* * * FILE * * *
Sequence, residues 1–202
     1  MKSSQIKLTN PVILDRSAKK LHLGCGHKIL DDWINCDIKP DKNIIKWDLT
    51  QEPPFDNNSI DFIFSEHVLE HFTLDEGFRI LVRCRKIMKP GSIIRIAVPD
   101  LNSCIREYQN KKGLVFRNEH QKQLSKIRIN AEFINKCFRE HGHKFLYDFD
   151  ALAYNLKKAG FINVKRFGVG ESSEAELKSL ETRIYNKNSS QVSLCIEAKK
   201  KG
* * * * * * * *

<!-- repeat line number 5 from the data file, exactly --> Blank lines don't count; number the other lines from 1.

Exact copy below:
   151  ALAYNLKKAG FINVKRFGVG ESSEAELKSL ETRIYNKNSS QVSLCIEAKK